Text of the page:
Obama Uses Teddy Roosevelt to Go After Romney

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I am thinking in particular of a certain former CEO at a company that rhymes with "Shmain Capital."
Photo: Mandel Ngan/AFP/Getty Images

President Obama today delivered a speech in Osawatomie, Kansas, where Theodore Roosevelt delivered a famous progressive address in 1910. The White House is billing the speech as a thematic statement of Obama’s vision for the economy, and it is just that — an expression of a Rooseveltian belief in regulated capitalism, a progressive income tax, and shared prosperity rather than runaway inequality. But — not to be too low-minded about it — it also reads like a frame for a campaign to contrast himself with Mitt Romney.

Romney has avoided proposing new, large tax breaks. But he does insist on maintaining the Bush tax cuts. Here is Obama arguing against that:

Do we want to make the investments we need in things like education, and research, and high-tech manufacturing? Or do we want to keep in place the tax breaks for the wealthiest Americans in our country? Because we can’t afford to do both. That’s not politics. That’s just math.

So far, most of the Republicans in Washington have refused, under any circumstances, to ask the wealthiest Americans to go the same tax rates they were paying when Bill Clinton was president.

Now, keep in mind, when President Clinton first proposed these tax increases, folks in Congress predicted they would kill jobs and lead to another recession. Instead, our economy created nearly 23 million jobs and we eliminated the deficit. Today, the wealthiest Americans are paying the lowest taxes in over half a century. 

Romney also proposes to repeal the Dodd–Frank financial reform. I have previously expressed my bewilderment at Obama’s failure to make Republicans pay a political price for this position — deregulating Wall Street is a wildly unpopular stance. Obama finally hammers the theme today:

For the first time in history, the reform we passed puts in place a consumer watchdog who is charged with protecting everyday Americans from being taken advantage of by mortgage lenders, payday lenders or debt collectors. The man we nominated for the post, Richard Cordray, is a former Attorney General of Ohio who has the support of most Attorneys General, both Democrat and Republican, throughout the country.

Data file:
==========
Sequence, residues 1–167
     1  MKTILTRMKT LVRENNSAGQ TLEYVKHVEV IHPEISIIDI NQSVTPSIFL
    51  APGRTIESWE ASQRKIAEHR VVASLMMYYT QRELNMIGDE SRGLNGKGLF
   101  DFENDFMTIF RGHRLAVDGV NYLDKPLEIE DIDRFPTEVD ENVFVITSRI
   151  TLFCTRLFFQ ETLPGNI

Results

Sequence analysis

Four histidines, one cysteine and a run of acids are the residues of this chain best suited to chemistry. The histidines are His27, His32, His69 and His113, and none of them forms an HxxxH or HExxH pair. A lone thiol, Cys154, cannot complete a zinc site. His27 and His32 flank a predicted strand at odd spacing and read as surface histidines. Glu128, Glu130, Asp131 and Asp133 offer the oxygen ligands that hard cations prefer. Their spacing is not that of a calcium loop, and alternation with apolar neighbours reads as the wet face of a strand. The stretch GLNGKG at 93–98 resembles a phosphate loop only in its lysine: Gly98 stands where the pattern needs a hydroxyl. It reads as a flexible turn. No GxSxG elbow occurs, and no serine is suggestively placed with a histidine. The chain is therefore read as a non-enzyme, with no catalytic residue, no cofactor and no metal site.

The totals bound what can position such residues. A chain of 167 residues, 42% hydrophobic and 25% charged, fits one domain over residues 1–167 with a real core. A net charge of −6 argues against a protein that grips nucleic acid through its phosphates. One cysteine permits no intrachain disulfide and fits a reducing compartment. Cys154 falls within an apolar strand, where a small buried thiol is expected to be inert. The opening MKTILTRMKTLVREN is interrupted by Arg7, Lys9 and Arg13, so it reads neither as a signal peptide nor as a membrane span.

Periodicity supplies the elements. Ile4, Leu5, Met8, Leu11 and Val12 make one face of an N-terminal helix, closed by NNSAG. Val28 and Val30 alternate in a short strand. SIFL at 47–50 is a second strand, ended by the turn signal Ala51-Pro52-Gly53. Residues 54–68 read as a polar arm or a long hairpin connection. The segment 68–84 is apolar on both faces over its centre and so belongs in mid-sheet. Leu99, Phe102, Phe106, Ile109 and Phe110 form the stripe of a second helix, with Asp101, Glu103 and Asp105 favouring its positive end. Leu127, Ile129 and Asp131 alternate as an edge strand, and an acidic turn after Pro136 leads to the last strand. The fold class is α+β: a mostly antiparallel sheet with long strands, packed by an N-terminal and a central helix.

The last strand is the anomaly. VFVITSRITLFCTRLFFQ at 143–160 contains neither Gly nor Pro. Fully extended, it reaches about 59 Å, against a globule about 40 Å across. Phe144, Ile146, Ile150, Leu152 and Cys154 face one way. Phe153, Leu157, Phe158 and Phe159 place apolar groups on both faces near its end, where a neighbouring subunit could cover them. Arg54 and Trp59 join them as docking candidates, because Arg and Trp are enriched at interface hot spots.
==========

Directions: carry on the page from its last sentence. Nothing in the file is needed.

But the Republicans in the Senate refuse to let him do his job. Why? Does anyone here think the problem that led to our financial crisis was too much oversight of mortgage lenders or debt collectors? Of course not. Every day we go without a consumer watchdog in place is another day when a student, or a senior citizen, or member of our Armed Forces could be tricked into a loan they can’t afford — something that happens all the time. Financial institutions have plenty of lobbyists looking out for their interests. Consumers deserve to have someone whose job it is to look out for them. I intend to make sure they do, and I will veto any effort to delay, defund, or dismantle the new rules we put in place.

And Obama lauds the ethic of corporate responsibility to the workforce. Here he is praising executives who chose to sacrifice their own salary rather than engage in mass layoffs:

At a time when the cost of hiring workers in China is rising rapidly, it should mean more CEOs deciding that it’s time to bring jobs back to the United States — not just because it’s good for business, but because it’s good for the country that made their business and their personal success possible.

I think about the Big Three Auto companies who, during recent negotiations, agreed to create more jobs and cars in America; who decided to give bonuses, not just to their executives, but to all their employees — so that everyone was invested in the company’s success.

I think about a company based in Warroad, Minnesota called Marvin Windows and Doors. During the recession, Marvin’s competitors closed dozens of plants and let go hundreds of workers. But Marvin didn’t lay off a single one of their four thousand or so employees. In fact, they’ve only laid off workers once in over a hundred years. Mr. Marvin’s grandfather even kept his eight employees during the Depression.

When times get tough, the workers agree to give up some perks and pay, and so do the owners. As one owner said, “You can’t grow if you’re cutting your lifeblood — and that’s the skills and experience your workforce delivers.” For the CEO, it’s about the community: “These are people we went to school with,” he said. “We go to church with them. We see them in the same restaurant. Indeed, a lot of us have married local girls and boys. We could be anywhere. But we are in Warroad.”

Can you think of any former business executives who made their livelihood off engaging in mass layoffs? If not, you need to read Benjamin Wallace-Wells’s great profile of Romney’s career at Bain Capital.

This is the theme Obama has prepared for his campaign: himself, as champion of the middle class, against Romney, as modern-day robber baron. Of course, Romney happens to be rapidly falling behind Newt Gingrich in the race for the GOP nomination, but a campaign against Gingrich is probably something you hope for rather than plan for.